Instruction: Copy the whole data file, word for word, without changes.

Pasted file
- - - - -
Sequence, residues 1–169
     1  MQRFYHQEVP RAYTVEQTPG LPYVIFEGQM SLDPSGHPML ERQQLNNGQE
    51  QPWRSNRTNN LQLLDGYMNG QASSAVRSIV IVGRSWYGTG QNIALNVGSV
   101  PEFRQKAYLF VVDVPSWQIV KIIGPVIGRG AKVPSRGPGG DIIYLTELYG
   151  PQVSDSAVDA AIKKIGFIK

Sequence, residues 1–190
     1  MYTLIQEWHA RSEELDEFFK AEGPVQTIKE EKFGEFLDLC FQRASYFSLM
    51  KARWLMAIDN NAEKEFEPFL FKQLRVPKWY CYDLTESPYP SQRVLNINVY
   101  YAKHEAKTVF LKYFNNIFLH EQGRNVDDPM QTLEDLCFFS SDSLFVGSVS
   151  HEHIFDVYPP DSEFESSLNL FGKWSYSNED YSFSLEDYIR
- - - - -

Sequence, residues 1–169
     1  MQRFYHQEVP RAYTVEQTPG LPYVIFEGQM SLDPSGHPML ERQQLNNGQE
    51  QPWRSNRTNN LQLLDGYMNG QASSAVRSIV IVGRSWYGTG QNIALNVGSV
   101  PEFRQKAYLF VVDVPSWQIV KIIGPVIGRG AKVPSRGPGG DIIYLTELYG
   151  PQVSDSAVDA AIKKIGFIK

Sequence, residues 1–190
     1  MYTLIQEWHA RSEELDEFFK AEGPVQTIKE EKFGEFLDLC FQRASYFSLM
    51  KARWLMAIDN NAEKEFEPFL FKQLRVPKWY CYDLTESPYP SQRVLNINVY
   101  YAKHEAKTVF LKYFNNIFLH EQGRNVDDPM QTLEDLCFFS SDSLFVGSVS
   151  HEHIFDVYPP DSEFESSLNL FGKWSYSNED YSFSLEDYIR